April 25, 2024

How political ads try to shape the way we feel about the economy

Political campaigns and advocacy groups are expected to spend anywhere from $10 billion to $17 billion on ads in this year’s election cycle, and a great many of them will be focused on the economy. This was true for the primary campaigns, both national and local.

How a campaign talks about the economy in an ad can depend on a variety of factors, including whether the candidate is an incumbent and how the economy is performing leading up to the election.

“That’s where the campaign matters,” said Marc Hetherington, a political science professor at the University of North Carolina at Chapel Hill. “Can you, as a campaign, affect the perceptions that people have of conditions? Especially if those conditions are not on your side?”

One strategy to shape perceptions of the economy is to adjust the timeline you’re talking about.

“If you’re comparing whether or not the economy is getting better by the academic numbers over the last three to six months,” said Heath Garrett, a partner with Republican-leaning firm Strategic Partners and Media, “then you can make the argument that the economy is getting better.”

But, Garrett said, if you’re an average American comparing this economy to, for example, the pre-pandemic economy, “then no matter what the academic, economic numbers are telling you, you’re not feeling better. Because it’s an emotive experience when you go to the grocery store and all of a sudden you feel like your bill is up by 50%, at some places doubled. It just has a feeling about it.”

Garrett said those feelings are what resonate with voters and can provide the basis for ads that resonate without being dishonest, especially when a candidate is running against an incumbent.

“We intellectually understand that … the numbers are getting better,” he said. But people “don’t feel like their individual situation is getting better or the costs are coming down. They’re not finding it more affordable to buy a home or to fill up that tank of gas.”

An incumbent may want to shift focus to the overall positive economic trends, but “you can’t just sit on a soapbox and scream out the accomplishments you’ve had in the two, four, six years of your term,” said Tess McRae, vice president of communications for the Parkside Group, which works with local and national campaigns. 

“You need to be able to hold space for the real kind of feelings of frustration, feelings of cynicism,” she said, “and acknowledge that you’re going to continue to do that work. And lifting up specific examples of what that work in the future is going to look like is very key.”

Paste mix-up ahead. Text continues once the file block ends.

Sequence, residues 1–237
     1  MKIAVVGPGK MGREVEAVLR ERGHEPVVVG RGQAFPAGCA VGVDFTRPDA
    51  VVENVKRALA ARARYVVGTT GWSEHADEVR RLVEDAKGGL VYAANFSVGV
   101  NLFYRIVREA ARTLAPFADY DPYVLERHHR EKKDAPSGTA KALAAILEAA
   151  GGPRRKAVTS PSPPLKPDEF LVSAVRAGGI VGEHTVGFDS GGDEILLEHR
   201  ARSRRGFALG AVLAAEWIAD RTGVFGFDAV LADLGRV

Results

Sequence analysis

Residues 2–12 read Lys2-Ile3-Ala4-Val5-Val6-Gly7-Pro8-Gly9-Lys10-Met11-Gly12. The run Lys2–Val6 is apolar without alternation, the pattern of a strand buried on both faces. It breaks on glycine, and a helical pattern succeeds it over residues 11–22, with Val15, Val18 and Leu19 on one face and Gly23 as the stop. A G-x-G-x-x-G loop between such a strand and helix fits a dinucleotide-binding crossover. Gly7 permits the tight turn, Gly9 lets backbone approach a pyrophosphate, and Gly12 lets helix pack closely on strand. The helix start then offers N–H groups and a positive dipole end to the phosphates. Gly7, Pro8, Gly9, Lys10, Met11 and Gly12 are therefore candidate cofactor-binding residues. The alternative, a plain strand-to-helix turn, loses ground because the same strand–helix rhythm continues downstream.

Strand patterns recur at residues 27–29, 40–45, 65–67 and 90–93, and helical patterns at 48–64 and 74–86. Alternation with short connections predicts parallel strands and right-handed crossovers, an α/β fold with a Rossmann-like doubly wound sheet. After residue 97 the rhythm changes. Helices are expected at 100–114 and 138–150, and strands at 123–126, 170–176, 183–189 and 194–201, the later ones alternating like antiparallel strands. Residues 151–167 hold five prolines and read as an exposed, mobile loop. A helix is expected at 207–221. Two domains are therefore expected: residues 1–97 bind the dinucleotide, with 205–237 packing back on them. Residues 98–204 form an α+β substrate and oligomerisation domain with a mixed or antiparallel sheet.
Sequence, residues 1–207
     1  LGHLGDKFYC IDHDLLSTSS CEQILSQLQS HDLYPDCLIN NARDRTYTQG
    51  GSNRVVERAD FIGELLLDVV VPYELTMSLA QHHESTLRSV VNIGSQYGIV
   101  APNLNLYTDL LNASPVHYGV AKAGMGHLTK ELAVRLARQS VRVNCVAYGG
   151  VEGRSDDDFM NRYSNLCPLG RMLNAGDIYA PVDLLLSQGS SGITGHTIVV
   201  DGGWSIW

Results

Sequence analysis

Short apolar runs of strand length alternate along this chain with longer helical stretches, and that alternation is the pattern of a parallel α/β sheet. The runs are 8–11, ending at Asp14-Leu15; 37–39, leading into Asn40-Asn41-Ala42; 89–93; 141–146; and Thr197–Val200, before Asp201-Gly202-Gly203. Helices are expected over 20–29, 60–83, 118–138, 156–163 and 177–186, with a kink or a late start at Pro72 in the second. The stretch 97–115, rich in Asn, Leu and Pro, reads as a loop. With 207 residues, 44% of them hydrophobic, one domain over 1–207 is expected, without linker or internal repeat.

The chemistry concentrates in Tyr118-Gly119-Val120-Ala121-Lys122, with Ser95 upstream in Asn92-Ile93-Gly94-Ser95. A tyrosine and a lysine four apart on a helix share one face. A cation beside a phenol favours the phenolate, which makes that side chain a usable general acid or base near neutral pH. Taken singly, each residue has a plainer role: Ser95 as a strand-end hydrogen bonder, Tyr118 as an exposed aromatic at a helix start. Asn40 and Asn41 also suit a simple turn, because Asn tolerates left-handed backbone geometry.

Coaching candidates on how to talk about the economy is often one of the earliest conversations McRae said her team has with campaigns. This cycle, she expects to see candidates — especially incumbents — focus less on the big-picture economy. Instead, she said, successful messaging for incumbents will highlight smaller ways people’s lives have improved.

“What were we paying at the pump a year and a half ago? What are we paying now?” McRae said. “What legislative initiatives have you prioritized as a candidate that are going to benefit and hopefully reduce those costs that voters are feeling? And then, how can we pivot looking forward so that voters don’t feel like you’re essentially wiping your hands of it and saying, ‘I did all we can do. We’re done. We achieved it.’”

The key to talking about the economy for any candidate, Garrett said, is to keep the message focused on local and individual issues.

“Have real voters tell the story for you, the candidate, from their perspective, rather than it always be about you, the candidate,” he suggested. “And when you do that, it’s not you, the candidate, creating the economic fear or the economic concern. It’s real people in that state or in that district who are doing so. That’s, to me, a smarter way and a more intellectually honest way to define issues.”

Because what voters believe about the economy, Garrett added, depends not only on their own experience, but what they see others in the community experiencing as well.

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